The woman, Sgt. Det. Robert Mulvey testified this morning, was "substantially unclothed," she was straddling the man's waist and she was in motion.
Now Christine Pulgini, acting director of licensing and consumer affairs for the city of Boston, has to decide whether the stripper at the Glass Slipper on Lagrange Street was merely engaged in exotic dancing, which is permitted under the First Amendment, or whether she was participating in the sort of "intimate physical contact" prohibited under Section F 1(c) of the Boston Entertainment Licensing.
Pulgini held the hearing on a citation issued by Mulvey and another licensing detective after they entered the Glass Slipper, one of one of two Combat Zone remnants left, for a routine inspection shortly before midnight on Sept. 24.
The detectives testified that despite the efforts of a doorman to warn employees the cops were in the house - itself a potential violation - they found a private entertainment room on the first floor where, right under a sign warning "No contact - No touching" an ecdysiast with almost nothing on was straddling a male customer in "face to face contact" - as a male floor manager looked on.
Pulgini asked whether either the man or the woman were fondling the other. "There wasn't what we would say is fondling," Mulvey acknowledged.
Section F 1(c) says "it is forbidden to encourage or permit any person in or on the licensed premises to touch, caress, or fondle the breasts, buttocks, or genitals of any other persons."
Mulvey acknowledged the fine line between the First Amendment and improper touching: "At what point does the dance begin and end" and when does it become impermissible touching? He said at some point, "it becomes you know it when you see it" and asked "should the dancer be on top of the patron?"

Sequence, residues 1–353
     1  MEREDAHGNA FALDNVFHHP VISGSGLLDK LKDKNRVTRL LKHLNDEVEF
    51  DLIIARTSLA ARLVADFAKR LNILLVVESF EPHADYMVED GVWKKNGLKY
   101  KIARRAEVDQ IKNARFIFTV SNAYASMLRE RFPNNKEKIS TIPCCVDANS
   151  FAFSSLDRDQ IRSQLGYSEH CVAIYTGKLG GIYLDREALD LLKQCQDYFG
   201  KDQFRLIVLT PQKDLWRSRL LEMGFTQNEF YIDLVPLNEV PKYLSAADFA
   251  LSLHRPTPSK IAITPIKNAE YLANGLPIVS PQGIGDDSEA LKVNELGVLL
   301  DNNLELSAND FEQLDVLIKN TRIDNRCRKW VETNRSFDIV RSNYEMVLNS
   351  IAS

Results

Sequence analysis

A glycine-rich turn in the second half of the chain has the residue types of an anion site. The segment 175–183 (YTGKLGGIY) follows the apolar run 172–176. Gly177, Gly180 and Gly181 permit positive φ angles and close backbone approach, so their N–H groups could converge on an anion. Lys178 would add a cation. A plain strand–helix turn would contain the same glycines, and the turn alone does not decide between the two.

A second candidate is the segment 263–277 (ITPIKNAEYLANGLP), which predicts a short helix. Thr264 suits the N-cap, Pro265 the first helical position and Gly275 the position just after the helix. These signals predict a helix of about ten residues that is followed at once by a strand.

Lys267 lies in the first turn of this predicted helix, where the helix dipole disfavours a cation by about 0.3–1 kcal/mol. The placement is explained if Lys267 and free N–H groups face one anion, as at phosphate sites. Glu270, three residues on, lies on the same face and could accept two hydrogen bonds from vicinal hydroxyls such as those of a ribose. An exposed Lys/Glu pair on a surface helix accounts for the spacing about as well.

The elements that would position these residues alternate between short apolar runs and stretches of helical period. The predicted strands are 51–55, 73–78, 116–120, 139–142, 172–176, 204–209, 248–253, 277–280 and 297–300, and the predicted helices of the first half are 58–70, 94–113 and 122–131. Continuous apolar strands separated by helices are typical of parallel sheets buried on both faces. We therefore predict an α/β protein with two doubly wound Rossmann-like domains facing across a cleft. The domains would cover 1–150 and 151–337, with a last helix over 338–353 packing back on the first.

Mulvey added that what concerned him just as much, if not more, was the fact that the club manager was standing there, doing nothing to end what might have - and did - end up in a police citation. "He wasn't doing his job to discourage it," he said.
The club's attorney said his reading of city rule would indicate that there was no violation, because no hands were grasping body parts. Still, he said, the club has since added a bar between the seats in private areas and where the dancers gyrate, to ensure nothing that would raise the ire of Bostonians can happen. Pulgini did not indicate which way she would rule.
The club's attorney pleaded for leniency, saying that while he's not convinced there was a Section F 1(c) violation, something did happen, that club employees were disciplined after the incident and that club owners Nicholas Romano and Michael Bennett have long done their darndest to keep things clean and on the up and up in the 35 years the Glass Slipper has been open.
He pointed to the owners' backgrounds as evidence they are really good community members who are providing a service that, despite what "certain segments of our population" might think, is meeting a need. Romano, 78, he said, is a veteran, an accomplished florist who ran a flower shop on Hanover Street, and has been married for 55 years. Bennett, who took over his father's share in the business, is 47, has a psychology degree from BU and has been married for 17 years.
He added they are still paying off the mortgage they had to take out after their earlier location - across Lagrange - was taken by eminent domain for construction of the Kensington luxury tower and that they want to work with Boston Police and the city to further reduce the odds of such incidents in the future.